Normal service was resumed this morning as we awoke to fog. Yesterday, Keith had been a little skeptical since, weather-wise at least, their first morning here had been clear. The skeptical one’s head, on the other hand, had been far from clear. This morning it was agreed that Tomales did, indeed, have fog. The skeptical one’s head was also, this morning, declared to be 98% fit as a result of a little more restraint having been wisely exercised yesterday evening; wise because today was departure day for Keith and Marlene who were beginning their trek back east.
The first take-off slot was missed when there seemed to be a slight delay in the cockpit checks and programming of the flight guidance system. Maybe the 2% fit that was missing was a critical 2%. Nonetheless, eventually the guidance system was successfully programmed and happy, the Tomales-Petaluma road is far from busy and our friends were soon taxiing out and on their way. It had been great to have their company for a couple of nights but now we were back to amusing ourselves.
Amusement today was hard to come by. Firstly, instead of the fog clearing to sun by late morning, rain had begun during departure operations and was attempting to wash the fog away. Secondly, Carol had ordered a package that was supposedly to be delivered by UPS today and was not keen on its arriving and being left out in the damp, so we stayed in until it arrived.
We were eventually released at about 4:00 PM and the highlight that saved the day was destined to be dinner in a Puerto Rican restaurant down in San Rafael with Steve and Kathy Delman and Fred and Lorraine Webster. We dawdled our way down to dinner via Petaluma calling in at an unexciting marina and, from this writer’s point of view, at least, an even more unexciting bead shop.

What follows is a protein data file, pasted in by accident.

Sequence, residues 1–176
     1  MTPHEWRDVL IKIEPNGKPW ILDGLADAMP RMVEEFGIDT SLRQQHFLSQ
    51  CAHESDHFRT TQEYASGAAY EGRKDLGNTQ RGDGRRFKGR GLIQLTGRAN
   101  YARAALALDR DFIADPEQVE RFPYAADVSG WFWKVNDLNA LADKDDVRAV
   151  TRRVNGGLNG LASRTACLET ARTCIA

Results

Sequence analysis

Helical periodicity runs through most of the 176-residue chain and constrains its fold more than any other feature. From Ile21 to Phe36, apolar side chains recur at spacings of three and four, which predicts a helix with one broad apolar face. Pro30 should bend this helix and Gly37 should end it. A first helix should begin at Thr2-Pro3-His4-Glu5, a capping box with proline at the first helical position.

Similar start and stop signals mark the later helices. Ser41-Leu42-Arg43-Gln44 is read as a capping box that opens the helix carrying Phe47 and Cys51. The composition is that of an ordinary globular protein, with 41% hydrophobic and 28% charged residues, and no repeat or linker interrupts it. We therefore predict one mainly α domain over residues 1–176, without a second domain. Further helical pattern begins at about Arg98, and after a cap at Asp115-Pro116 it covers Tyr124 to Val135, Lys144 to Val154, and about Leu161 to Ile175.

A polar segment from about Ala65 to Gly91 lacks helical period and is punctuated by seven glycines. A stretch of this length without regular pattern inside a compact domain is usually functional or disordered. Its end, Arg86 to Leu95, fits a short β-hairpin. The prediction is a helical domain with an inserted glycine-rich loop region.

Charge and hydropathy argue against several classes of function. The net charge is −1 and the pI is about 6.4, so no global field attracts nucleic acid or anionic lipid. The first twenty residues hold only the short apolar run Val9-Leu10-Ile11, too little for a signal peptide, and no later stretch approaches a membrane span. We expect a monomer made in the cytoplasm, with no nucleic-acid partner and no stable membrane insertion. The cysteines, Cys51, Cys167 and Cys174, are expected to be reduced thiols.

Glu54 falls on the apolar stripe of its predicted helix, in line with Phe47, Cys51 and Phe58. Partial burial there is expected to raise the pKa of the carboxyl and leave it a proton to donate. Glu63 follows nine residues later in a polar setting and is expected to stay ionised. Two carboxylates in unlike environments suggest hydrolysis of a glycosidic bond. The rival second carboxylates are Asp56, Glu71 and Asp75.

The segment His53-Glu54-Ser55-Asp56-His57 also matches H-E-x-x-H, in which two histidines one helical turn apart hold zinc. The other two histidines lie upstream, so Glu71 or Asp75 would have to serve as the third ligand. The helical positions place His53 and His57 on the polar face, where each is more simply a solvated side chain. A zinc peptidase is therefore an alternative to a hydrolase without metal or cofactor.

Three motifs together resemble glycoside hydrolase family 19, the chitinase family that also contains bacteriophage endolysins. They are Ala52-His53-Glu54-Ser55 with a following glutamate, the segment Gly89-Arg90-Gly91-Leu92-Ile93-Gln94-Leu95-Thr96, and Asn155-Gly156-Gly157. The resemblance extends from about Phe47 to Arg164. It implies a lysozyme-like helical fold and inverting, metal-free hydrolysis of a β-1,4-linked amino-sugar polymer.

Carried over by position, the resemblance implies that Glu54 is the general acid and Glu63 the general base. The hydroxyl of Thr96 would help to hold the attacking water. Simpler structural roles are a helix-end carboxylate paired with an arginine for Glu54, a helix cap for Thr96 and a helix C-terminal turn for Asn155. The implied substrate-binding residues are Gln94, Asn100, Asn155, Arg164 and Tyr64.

The restaurant, Sol Food, was a very different experience, not so much because of the food but rather because of the way the restaurant was organized. Firstly, upon entry we were presented with a menu and asked to place our order before going to sit down. Secondly, this was a dry restaurant in that no alcohol was available (though the substitute freshly made limeade, served in a large jam jar, was excellent). Thirdly, many of the tables were large refectory-style tables shared with other diners (we haven’t seen that since a trip to Heidelberg many years ago).
Plate loads of food were soon delivered to our communal table and, other than the salad dressing being a little salty, the food was very good. From what I could make out, the definition of Puerto Rican cuisine is “contains plantains”, which seemed to be prepared in two varieties, garlic and sweet.
After dinner we sauntered around downtown San Rafael, both to assist digestion and to get ice creams as dessert for those who still had room. The main street was cordoned off and a street market was still bustling together with some of the now expected street musicians. The street market did, of course, delay our ladies who seemed in no rush to make it to the ice cream parlour. Personally, being full of Puerto Rican plantains, I skipped the ice cream and could manage only a double espresso.
Well fed, we eventually returned to a once again foggy Tomales where I would be needing a dose or two of caffeine antidote before retiring.